“Redistricting and Voting Rights in Ohio” August 25, 2016
Representative Kathleen Clyde (D), Ohio House District 75
Dr. John C. Green, Director, Ray C. Bliss Institute of Applied Politics
Senator Frank LaRose (R), Ohio Senate District 27
Moderator: Thomas Suddes, Editorial Writer, Cleveland.com
As with weather, everyone talks about gerrymandering — drawing legislative districts to favor one party over another — but until recently, few in Ohio were prepared to do anything about it. Nonetheless, Ohio has recently reformed how its draws General Assembly districts — and reform of congressional “districting” is on some Columbus agendas. This panel explores the hows and whys.
CWRU Siegal Facility, 26500 Shaker Blvd., Beachwood OH 44122
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Co-sponsored by the Case Western Reserve University Siegal Lifelong Learning Program, League of Women Voters-Greater Cleveland, Cleveland.com, Plain Dealer plus Lakewood and Cuyahoga County Library Systems
Corporate sponsor: First Interstate Properties, Ltd.
Ohio’s Constitutions: An Historical Perspective Barbara A. Terzian Ohio Wesleyan University 2004
Cleveland State Law Review:
Ohio’s Home-Rule Amendment: Why Ohio’s General Assembly Creating Regional Governments would Combat the Regional Race to the Bottom under Current Home-Rule Principles
Law review paper written by Jonathon Angarola
The History of Term Limits in Ohio
By Michael F. Curtin
Ohio is one of 15 states to limit the number of terms its state lawmakers can serve. However, this is a relatively recent development. For most of its history, Ohio imposed no limit on the longevity of state legislators.
In the early 1990s, national conservative and libertarian organizations initiated ballot issues in more than 20 states to limit the terms of U.S. senators, U.S. representatives, state senators and state representatives.
The most prominent of these organizations is U.S. Term Limits of Fairfax, Va. (http://termlimits.org)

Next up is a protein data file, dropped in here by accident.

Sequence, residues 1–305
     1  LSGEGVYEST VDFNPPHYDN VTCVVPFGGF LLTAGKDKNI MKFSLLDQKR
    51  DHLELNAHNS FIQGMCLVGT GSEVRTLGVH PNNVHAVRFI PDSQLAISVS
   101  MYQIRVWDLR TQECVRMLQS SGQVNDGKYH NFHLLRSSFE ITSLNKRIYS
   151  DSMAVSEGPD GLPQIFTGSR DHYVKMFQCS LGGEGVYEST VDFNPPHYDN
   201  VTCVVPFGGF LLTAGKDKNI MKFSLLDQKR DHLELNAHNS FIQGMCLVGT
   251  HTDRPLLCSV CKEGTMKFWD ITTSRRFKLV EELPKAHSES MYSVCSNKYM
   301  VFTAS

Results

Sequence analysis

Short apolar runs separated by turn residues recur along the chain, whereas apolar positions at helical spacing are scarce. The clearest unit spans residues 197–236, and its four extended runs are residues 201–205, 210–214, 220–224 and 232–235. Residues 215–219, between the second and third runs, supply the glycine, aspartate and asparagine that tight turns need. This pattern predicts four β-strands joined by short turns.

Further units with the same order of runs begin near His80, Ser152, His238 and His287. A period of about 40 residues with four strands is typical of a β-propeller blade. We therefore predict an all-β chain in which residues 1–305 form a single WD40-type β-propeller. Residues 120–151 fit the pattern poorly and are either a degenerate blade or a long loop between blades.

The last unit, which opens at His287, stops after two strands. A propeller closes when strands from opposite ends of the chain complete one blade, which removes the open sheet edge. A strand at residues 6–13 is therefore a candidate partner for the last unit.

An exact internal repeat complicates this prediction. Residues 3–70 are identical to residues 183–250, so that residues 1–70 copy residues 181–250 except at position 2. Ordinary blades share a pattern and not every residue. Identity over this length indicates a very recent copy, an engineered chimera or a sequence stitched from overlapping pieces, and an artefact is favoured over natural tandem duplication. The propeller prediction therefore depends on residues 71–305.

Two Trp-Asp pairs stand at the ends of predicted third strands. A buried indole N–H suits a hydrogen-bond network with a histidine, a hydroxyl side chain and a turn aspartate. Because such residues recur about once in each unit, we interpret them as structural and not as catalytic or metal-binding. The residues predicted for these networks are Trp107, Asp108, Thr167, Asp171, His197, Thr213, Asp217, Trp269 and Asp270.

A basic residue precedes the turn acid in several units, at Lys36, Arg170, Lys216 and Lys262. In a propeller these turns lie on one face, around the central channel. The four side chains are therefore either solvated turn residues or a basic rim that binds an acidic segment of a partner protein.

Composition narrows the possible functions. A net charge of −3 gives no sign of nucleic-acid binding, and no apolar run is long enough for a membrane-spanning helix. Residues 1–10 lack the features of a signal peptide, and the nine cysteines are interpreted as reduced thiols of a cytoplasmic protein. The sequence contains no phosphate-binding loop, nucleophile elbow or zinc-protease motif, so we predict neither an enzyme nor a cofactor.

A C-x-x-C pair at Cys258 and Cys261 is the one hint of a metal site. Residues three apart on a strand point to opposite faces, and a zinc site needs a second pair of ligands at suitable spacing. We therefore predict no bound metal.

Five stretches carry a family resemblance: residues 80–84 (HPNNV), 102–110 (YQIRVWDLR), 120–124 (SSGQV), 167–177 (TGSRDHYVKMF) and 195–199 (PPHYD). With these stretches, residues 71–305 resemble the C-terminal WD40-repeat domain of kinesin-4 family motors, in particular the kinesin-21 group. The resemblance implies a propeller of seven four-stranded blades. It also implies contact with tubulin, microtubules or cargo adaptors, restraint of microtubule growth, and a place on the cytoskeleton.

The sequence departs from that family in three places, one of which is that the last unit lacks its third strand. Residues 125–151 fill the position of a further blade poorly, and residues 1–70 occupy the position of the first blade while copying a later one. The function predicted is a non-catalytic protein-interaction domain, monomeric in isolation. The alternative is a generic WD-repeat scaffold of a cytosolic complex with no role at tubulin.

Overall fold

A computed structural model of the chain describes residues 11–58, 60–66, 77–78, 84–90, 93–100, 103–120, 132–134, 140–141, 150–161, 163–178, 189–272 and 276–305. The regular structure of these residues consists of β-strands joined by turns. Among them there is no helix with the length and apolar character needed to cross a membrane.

The high-water mark of this movement was 1992. On Nov. 3, 1992, voters in Ohio and 14 other states decided term-limit issues.
In Ohio, by overwhelming ratios, voters approved all three term-limit issues on the ballot:
- State Issue 2, approved by 66 percent of the voters, limited U.S. senators from Ohio to two successive terms of six years, and limited U.S. representatives from Ohio to four successive terms of two years.
- State Issue 3, approved by 68 percent of the voters, limited state senators to two successive terms of four years, and state representatives to four successive terms of two years.
- State Issue 4, approved by 69 percent of the voters, limited the lieutenant governor, secretary of state, treasurer of state, attorney general and auditor to two successive terms of four years.
At the time, most Republican and conservative organizations nationally and in Ohio supported the term-limit issues. Most Democratic and liberal organizations either opposed the issues or remained neutral, recognizing the overwhelming support the issues had in public-opinion polls leading up to the election.
However, the voter-approved limits on U.S. senators and U.S. representatives never took effect.
Term-limit opponents filed lawsuits challenging the constitutionality of states setting limits on the tenure of federal officeholders.
On May 22, 1995, the U.S. Supreme Court, in the case of U.S. Term Limits v. Thornton, by a 5-to-4 decision, ruled that states cannot impose qualifications for prospective members of Congress that are stricter than the qualifications specified in the U.S. Constitution.